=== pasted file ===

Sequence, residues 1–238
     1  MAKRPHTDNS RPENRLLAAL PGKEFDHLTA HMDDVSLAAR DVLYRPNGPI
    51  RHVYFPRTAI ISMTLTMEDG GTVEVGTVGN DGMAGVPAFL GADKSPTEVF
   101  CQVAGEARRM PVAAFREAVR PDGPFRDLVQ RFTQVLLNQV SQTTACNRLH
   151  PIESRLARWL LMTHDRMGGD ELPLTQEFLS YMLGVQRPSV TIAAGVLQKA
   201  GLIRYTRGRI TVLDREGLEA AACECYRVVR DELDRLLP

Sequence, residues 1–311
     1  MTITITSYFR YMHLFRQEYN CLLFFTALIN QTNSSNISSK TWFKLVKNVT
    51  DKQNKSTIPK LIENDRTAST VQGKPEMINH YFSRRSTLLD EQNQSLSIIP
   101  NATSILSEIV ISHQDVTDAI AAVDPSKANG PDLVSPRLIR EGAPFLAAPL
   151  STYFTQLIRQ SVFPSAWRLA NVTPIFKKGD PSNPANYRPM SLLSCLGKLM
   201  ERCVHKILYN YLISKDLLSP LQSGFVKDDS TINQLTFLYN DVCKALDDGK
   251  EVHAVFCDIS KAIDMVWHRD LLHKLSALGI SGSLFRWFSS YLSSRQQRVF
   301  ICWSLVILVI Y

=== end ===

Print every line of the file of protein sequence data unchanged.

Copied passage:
Sequence, residues 1–238
     1  MAKRPHTDNS RPENRLLAAL PGKEFDHLTA HMDDVSLAAR DVLYRPNGPI
    51  RHVYFPRTAI ISMTLTMEDG GTVEVGTVGN DGMAGVPAFL GADKSPTEVF
   101  CQVAGEARRM PVAAFREAVR PDGPFRDLVQ RFTQVLLNQV SQTTACNRLH
   151  PIESRLARWL LMTHDRMGGD ELPLTQEFLS YMLGVQRPSV TIAAGVLQKA
   201  GLIRYTRGRI TVLDREGLEA AACECYRVVR DELDRLLP

Sequence, residues 1–311
     1  MTITITSYFR YMHLFRQEYN CLLFFTALIN QTNSSNISSK TWFKLVKNVT
    51  DKQNKSTIPK LIENDRTAST VQGKPEMINH YFSRRSTLLD EQNQSLSIIP
   101  NATSILSEIV ISHQDVTDAI AAVDPSKANG PDLVSPRLIR EGAPFLAAPL
   151  STYFTQLIRQ SVFPSAWRLA NVTPIFKKGD PSNPANYRPM SLLSCLGKLM
   201  ERCVHKILYN YLISKDLLSP LQSGFVKDDS TINQLTFLYN DVCKALDDGK
   251  EVHAVFCDIS KAIDMVWHRD LLHKLSALGI SGSLFRWFSS YLSSRQQRVF
   301  ICWSLVILVI Y